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We should consider that the land-taking, as happened when Hamlet's father conquered Norwegian territory, was quite normal in this day. The fact that Denmark gained land, and that Norway would typically attempt to get it back, was normal and expected. The backdrop of Fortinbras marching towards Denmark to claim what is rightfully his is another thing that causes Hamlet grief as he laments the loss of his father: here's someone, in Fortinbras, who is rightfully avenging his father, while Hamlet struggles with how to do the same thing. Naturally, you could argue that he never really gets to that point, but I think that is best handled in another question or topic.
When Fortinbras arrives, he does indeed realize what all of the back-and-forth land grabbing is good for, as he sees the carnage that has unfolded. Just as Hamlet considered Fortinbras' actions throughout the play, so too do the actions of Hamlet make Fortinbras consider his path. Overall, Fortinbras is yet again shown to be a respectable man, avenging his father as he should, ceasing at nothing to do so (as he should), and then at the end, ultimately changing his mind due to the results of his former course of action.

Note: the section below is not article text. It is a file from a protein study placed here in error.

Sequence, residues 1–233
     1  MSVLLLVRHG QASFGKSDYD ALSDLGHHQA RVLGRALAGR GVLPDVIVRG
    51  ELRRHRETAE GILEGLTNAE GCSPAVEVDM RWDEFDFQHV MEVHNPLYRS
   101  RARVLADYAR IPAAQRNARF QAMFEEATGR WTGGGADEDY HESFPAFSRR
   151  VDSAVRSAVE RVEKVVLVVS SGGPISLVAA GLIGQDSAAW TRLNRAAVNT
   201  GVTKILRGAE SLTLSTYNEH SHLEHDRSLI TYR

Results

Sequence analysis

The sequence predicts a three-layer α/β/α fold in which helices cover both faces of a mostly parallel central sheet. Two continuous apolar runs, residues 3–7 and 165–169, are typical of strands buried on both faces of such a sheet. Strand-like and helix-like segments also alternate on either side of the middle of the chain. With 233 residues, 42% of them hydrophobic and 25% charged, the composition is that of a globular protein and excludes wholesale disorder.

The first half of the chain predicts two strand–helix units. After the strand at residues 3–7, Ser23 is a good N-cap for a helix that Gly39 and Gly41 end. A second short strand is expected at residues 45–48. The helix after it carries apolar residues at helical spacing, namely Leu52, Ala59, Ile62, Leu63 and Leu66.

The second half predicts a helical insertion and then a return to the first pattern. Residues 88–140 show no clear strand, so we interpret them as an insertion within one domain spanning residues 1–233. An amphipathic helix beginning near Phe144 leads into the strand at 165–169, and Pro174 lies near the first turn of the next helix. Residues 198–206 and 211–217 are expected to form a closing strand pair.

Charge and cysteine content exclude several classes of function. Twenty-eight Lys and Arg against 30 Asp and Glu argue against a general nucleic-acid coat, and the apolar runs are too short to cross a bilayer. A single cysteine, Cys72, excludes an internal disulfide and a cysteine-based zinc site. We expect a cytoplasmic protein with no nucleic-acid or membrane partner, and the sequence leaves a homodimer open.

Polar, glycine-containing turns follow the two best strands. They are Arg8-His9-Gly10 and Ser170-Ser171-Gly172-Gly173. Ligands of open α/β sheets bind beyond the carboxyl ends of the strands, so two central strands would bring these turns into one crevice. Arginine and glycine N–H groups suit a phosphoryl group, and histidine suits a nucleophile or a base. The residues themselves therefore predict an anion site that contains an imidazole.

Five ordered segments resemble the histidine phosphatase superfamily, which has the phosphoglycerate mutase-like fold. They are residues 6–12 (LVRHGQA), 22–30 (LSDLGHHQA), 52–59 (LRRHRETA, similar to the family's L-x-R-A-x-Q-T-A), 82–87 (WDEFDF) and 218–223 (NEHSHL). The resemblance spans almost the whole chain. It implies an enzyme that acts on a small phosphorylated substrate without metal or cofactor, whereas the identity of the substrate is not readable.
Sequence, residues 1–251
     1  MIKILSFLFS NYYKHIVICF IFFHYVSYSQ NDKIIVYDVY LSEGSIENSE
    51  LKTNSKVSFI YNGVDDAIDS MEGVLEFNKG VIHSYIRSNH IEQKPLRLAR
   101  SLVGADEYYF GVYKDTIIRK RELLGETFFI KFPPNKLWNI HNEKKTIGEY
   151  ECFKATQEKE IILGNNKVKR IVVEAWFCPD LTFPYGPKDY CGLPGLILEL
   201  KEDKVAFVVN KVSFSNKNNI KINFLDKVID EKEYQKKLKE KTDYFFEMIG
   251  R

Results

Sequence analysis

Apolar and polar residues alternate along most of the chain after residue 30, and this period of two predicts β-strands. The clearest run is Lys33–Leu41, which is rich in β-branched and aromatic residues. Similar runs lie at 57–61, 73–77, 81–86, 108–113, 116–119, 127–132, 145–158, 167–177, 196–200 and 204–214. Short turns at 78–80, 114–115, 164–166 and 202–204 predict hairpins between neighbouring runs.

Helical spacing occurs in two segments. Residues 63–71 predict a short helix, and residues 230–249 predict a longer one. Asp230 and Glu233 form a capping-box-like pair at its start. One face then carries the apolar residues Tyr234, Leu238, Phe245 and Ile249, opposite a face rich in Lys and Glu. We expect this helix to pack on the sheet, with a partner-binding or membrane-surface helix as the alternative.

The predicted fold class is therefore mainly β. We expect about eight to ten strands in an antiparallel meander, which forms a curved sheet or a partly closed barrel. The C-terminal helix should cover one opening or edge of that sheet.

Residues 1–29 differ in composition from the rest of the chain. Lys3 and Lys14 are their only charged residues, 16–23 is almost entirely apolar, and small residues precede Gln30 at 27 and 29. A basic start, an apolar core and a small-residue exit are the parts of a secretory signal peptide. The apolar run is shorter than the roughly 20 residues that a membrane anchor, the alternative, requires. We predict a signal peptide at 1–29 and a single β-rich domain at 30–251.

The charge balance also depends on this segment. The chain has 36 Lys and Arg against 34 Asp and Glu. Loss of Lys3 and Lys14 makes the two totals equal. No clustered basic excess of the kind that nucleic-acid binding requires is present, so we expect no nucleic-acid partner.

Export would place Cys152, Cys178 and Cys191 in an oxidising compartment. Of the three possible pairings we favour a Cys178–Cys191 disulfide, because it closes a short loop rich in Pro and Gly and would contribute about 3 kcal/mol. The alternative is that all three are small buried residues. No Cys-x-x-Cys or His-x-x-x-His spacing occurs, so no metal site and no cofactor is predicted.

Fortinbras, the Norweigan prince, who has conquered many other lands, will assume the throne. With him, he also brings the news that Rosencratz and Gildenstern are dead.
In earlier acts he has been shown to be power and land hungry; for example, in 4.4.180-23, the Captain informs Hamlet of the lengths Fortinbras will go to in order to add any acreage at all to the lands he holds. Says the Captain, "We go to gain a little patch of ground / That hath in it no profit but the name. / To pay five ducats, five, I would not farm it; / Nor will it yield to Norway or the Pole. / A ranker rate, should it be sold in fee. "
Then there is the troublesome quarrel between Norway and Denmark, in which Norway intends to regain the lands lost to King Hamlet as the play begins.
But at the end, seeing the carnage vengence and power has wrought, Fortibras sees with new eyes, much like the survivors of Romeo and Juliet learn from their errors. He says, "Take up the bodies. Such a sight as this / Becomes the field but here shows much amiss" (5.2.446-448).
In his recognition, there is some hope for a more peacable time for both Denmark and Norway.
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